Please note that tax, investment, pension and ISA rules can change and the information and any views contained in this article may now be inaccurate.
Solid income: Earn more than 4%
A lot of people moan about how difficult it is to get a decent income from the market, but is it really that hard?
The FTSE 100 index currently yields 3.86%, so you can buy a low-cost tracker fund and get that level of income with relative ease. Getting a higher level of income is also fairly easy if you do some research.
This article discusses the stocks, ETFs and funds with the potential – but not the guarantee – to pay at least 4% a year; some paying more than 10%.
Plenty of choice
More than 200 companies on the UK stock market have prospective dividend yields in excess of 4%, according to data from SharePad.
We’d only rate a small proportion of these stocks as good investments for a sustained source of decent income. Most either have unsustainable dividends, in our view, or have yields artificially inflated by one-off special dividends.
We also comment on companies whose high prospective dividend yields mask fundamental problems within the business. DX (DX.), Interserve (IRV) and Game Digital (GMD) are on our list of stocks which you should not buy for income, in our opinion, despite current forecasts implying yields up to 14.1%.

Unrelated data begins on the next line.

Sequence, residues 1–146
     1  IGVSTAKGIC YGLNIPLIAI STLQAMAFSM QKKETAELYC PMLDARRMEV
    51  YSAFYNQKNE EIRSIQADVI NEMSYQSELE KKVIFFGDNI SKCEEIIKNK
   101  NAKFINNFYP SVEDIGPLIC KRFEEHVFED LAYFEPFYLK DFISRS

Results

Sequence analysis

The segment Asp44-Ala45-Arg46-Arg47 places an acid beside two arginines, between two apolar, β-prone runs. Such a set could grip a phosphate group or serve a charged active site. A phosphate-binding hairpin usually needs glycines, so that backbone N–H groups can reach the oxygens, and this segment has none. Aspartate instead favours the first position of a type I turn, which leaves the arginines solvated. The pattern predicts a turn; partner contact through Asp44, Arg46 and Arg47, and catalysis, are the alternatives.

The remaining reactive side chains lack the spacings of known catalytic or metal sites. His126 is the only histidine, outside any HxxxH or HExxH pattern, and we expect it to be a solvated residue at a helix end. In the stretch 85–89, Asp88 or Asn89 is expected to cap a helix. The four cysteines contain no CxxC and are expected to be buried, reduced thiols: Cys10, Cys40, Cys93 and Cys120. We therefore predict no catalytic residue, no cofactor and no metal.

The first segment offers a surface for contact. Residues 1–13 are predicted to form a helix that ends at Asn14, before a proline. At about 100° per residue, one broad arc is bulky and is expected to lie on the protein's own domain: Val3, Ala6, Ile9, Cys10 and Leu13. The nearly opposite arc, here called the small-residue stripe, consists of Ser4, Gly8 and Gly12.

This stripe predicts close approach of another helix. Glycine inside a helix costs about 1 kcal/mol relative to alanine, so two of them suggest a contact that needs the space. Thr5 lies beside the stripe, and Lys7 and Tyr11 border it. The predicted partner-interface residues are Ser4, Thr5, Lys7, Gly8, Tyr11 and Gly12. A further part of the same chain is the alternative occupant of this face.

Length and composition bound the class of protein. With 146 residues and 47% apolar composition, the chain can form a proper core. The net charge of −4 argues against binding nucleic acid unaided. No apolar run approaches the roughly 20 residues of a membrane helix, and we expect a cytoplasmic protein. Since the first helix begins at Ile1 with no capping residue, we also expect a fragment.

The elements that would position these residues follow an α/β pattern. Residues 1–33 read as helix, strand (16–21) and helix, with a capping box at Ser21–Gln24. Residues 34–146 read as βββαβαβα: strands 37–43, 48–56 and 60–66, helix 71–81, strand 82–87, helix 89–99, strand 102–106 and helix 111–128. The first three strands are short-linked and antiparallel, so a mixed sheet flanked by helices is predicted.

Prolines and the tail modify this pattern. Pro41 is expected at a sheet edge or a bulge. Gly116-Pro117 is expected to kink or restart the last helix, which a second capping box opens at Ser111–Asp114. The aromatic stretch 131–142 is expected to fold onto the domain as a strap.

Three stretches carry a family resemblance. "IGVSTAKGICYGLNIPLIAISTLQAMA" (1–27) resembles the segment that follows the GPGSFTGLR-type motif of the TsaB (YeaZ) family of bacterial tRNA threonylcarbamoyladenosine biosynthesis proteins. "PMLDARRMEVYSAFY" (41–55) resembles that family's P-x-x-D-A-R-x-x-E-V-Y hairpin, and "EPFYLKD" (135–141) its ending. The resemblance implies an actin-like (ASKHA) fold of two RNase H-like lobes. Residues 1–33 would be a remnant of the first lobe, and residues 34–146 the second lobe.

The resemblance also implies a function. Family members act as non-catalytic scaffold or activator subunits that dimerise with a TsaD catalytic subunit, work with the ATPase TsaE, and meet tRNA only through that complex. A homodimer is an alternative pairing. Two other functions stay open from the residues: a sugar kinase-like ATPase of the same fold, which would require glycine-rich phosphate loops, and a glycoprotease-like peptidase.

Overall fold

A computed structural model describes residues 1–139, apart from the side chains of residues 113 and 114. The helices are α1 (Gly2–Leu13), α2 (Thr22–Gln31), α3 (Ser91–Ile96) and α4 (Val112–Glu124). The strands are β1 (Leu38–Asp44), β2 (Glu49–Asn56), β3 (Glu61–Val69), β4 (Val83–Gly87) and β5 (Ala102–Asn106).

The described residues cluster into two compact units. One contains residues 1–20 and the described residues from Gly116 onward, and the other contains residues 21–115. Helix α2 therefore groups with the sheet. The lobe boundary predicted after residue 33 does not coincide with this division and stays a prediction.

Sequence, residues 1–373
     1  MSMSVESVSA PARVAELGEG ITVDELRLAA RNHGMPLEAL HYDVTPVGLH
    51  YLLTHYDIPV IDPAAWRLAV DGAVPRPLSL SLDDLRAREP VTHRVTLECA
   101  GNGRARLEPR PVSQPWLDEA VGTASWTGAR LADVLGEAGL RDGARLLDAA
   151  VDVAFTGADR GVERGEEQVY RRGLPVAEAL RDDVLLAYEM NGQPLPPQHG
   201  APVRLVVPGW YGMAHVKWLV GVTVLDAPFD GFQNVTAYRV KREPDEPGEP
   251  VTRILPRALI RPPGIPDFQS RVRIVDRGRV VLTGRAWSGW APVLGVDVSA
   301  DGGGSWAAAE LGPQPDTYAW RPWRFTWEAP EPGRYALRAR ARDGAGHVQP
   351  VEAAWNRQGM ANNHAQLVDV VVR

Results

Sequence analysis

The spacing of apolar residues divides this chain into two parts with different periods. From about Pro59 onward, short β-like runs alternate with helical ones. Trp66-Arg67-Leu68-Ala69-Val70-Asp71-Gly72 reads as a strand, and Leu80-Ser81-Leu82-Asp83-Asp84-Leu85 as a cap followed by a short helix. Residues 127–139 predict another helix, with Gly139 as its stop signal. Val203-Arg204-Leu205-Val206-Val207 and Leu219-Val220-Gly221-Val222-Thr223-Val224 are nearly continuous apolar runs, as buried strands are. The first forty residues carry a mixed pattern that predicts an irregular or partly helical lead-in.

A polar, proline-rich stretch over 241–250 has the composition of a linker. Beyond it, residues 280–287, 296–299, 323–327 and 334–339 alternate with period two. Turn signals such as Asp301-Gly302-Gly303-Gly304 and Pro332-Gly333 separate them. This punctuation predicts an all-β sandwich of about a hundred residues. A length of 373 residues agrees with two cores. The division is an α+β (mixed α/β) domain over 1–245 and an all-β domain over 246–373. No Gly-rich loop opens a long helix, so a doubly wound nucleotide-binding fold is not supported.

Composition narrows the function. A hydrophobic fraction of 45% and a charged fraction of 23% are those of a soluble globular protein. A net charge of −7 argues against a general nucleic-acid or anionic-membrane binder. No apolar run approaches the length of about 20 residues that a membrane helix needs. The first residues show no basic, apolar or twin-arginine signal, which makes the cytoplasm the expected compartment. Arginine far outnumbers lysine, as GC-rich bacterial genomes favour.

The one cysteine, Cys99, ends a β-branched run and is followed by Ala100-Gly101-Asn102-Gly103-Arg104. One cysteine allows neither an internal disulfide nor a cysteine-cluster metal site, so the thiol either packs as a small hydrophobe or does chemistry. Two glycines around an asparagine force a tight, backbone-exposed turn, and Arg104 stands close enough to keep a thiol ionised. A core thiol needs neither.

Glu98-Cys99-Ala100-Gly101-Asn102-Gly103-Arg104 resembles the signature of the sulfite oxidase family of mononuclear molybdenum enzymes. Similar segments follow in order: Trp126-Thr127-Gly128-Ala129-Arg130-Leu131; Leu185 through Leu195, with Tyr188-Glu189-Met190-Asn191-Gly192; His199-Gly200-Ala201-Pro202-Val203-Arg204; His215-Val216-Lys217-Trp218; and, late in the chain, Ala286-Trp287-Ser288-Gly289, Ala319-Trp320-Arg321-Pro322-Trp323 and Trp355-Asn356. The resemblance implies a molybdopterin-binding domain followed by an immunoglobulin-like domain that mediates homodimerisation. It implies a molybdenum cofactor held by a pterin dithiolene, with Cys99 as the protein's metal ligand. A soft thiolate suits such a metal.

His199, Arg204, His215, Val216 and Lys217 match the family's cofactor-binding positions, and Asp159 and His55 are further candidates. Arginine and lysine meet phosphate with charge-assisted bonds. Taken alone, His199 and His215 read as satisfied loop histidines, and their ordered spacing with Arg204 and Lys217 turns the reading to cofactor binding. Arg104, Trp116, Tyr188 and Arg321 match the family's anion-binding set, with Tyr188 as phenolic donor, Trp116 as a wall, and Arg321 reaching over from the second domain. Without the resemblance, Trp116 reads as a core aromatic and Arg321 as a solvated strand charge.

How to calculate dividend yield
Many financial data providers will publish yields based on the dividends paid in the last financial year.
We always prefer to use forecast dividend information, not historic. As an investor you should always be looking to the future.
Prospective dividend yields are calculated as follows:
Forecast dividend per share for the current financial year ÷ latest share price × 100
Analysts will estimate how much a company might pay out in dividends and the data providers like SharePad will take the average of all forecasts in the market. That’s your forecast dividend per share figure.
The analysts will inevitably get some guidance from the company in question as to what earnings could be in the current year, so they aren’t guessing blindly to produce a dividend forecast.